Third in an occasional series. Read "Why I Left" part one here; part two here. I welcome your comments and questions.
I am a firm believer that disillusionment is at least value-neutral and quite possibly a dispensation of grace. By disillusionment Moses forsook his Egyptian upbringing, later embracing his identity as a Jewish deliverer; by disillusionment King David ended his silence and confessed his sin; by disillusionment Jonah sang inside the belly of a whale and changed his course, which eventually changed the destiny of the Ninevites. By disillusionment Peter told Jesus to go away from him, only to hear Jesus bid him to follow; by disillusionment did he weep at his own betrayal of Jesus before his execution, only to be restored after the resurrection. The evangelical account of conversion demands disillusionment—a turning away from our past life, with all its sins and self-assertions. We sing things as audaciously disillusioned as “This world is not my home,” “I once was lost,” “I was sinking deep in sin.” We don’t repent of our disillusionment; we repent because of it.
Nevertheless, in and of itself disillusionment doesn’t deliver the goods. A disillusioned Moses would still be wandering the desert, too jaded to waste time on a burning bush. A disillusioned King David would have ceded the throne and retired to a cave somewhere. A disillusioned Peter would have let Jesus leave, would have rejected Jesus’ offer of restoration. No, disillusionment is intimately connected, in the evangelical story, with hope.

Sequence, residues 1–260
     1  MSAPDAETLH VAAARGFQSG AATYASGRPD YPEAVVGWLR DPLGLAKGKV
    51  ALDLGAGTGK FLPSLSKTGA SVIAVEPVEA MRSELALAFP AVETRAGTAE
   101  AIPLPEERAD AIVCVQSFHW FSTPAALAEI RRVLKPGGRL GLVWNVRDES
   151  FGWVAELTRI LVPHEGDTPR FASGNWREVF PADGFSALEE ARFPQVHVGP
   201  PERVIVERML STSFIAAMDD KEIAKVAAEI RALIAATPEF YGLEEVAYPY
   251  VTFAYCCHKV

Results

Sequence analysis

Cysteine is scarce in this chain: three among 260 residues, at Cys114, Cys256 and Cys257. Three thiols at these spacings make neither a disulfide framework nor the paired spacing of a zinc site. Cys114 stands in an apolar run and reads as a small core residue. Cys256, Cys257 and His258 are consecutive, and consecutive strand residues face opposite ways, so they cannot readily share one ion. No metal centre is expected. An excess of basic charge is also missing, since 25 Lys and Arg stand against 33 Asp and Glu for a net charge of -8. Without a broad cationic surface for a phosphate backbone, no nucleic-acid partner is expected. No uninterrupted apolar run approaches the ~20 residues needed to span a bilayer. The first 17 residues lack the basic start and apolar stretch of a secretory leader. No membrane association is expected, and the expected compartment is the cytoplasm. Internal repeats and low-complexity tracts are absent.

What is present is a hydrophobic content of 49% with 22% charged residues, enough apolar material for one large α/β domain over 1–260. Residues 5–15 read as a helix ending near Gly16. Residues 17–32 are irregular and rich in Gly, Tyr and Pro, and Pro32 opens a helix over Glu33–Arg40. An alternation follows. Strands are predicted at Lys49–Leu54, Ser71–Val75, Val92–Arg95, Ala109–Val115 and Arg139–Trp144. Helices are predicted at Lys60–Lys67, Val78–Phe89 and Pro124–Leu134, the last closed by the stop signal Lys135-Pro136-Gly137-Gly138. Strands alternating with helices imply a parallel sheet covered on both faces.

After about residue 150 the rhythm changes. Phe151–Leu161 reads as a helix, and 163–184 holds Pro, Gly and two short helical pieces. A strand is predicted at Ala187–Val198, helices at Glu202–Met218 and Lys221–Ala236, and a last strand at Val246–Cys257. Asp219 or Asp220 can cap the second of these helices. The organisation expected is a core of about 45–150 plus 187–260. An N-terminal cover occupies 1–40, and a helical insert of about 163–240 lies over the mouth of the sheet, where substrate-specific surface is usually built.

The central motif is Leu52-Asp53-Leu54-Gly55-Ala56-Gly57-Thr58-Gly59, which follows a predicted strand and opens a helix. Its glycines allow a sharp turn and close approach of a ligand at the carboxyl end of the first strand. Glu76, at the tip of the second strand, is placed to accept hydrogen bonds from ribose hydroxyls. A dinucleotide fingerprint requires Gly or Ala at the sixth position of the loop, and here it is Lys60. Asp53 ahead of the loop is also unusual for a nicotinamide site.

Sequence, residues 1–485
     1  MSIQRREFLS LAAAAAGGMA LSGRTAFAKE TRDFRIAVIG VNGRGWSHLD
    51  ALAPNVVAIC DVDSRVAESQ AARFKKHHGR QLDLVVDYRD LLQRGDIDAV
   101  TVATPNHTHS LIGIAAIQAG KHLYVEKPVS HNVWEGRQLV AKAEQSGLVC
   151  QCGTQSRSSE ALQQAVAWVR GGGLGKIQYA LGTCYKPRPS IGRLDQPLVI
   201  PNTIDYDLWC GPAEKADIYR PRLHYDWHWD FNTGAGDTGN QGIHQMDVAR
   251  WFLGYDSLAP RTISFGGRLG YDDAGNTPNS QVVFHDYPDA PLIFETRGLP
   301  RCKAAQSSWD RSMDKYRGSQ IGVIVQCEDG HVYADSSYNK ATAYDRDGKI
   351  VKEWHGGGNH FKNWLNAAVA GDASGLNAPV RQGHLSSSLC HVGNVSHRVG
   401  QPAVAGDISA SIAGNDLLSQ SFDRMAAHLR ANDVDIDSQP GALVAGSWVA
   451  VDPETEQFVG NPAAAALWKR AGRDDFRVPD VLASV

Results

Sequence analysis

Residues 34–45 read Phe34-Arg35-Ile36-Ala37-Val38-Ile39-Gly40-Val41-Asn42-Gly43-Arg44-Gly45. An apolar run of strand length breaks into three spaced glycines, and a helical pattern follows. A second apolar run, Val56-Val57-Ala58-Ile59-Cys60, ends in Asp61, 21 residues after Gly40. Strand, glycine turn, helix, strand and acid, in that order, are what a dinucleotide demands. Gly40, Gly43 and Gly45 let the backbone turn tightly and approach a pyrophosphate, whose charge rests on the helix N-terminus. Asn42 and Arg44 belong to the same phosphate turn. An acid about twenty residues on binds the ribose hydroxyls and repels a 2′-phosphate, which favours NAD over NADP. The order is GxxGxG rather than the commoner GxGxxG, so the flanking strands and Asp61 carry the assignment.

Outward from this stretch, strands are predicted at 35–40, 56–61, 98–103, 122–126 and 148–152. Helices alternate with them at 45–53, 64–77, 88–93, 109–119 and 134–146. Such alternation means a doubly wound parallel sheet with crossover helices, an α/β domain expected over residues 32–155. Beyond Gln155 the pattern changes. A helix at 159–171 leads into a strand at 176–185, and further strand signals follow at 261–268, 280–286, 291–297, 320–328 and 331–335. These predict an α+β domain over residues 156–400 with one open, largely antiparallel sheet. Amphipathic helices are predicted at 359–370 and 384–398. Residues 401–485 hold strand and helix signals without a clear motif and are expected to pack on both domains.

Hope doesn’t necessarily replace disillusionment for us; rather it counterbalances it, offering our Christian experience a dynamic constructive tension that keeps us from settling into either despair or naïve optimism. Like those desk toys in which two magnets exert equally repulsive force on a metal pen or ball or some sort, hope and disillusionment conspire to leave us hanging. They keep us unsettled, shimmering with the kinetic energy of a propulsive faith, ready—-whether we want to be or not, whether we’re conscious of our readiness or not-—to be changed, uprooted, rerouted, freshly commissioned.
But nobody likes a state of perpetual tension, no matter how dynamic or constructive. Disillusionment, for all the negative energy the word connotes, by itself is at least a fixed state. We know what to expect from disillusionment, and we know what not to expect. It’s comfortable in its own way. That’s why we get so thrown when we’re surprised by hope; it disrupts our settled state, stirring up feelings we thought we’d dispensed with or been drained of.
Likewise hope--and perhaps even moreso--is a comfortable condition. Hope without disillusionment assumes that this is the best of all possible worlds and that tomorrow will be better than today. Nobody likes a person who lives entirely in the realm of hope, but that person doesn’t care—tomorrow will be better.
No, there’s an important alchemy in the collision and collusion of hope and disillusionment. These two tastes go great together, if by “great” you mean that they do a great thing. They keep us moving: they keep us expectant while assuming no great change; they keep us grounded in reality while waiting for the happy ending; they allow us to survive and even thrive in the here and now, rather than retreating into the elusive future or sulking in the perpetual present. “An optimist,” my daddy always tells me, “can never be pleasantly surprised,” but a pessimist can never be enthused or excited. Without each other, neither can be much of anything, quite honestly. But together—together brings the magic.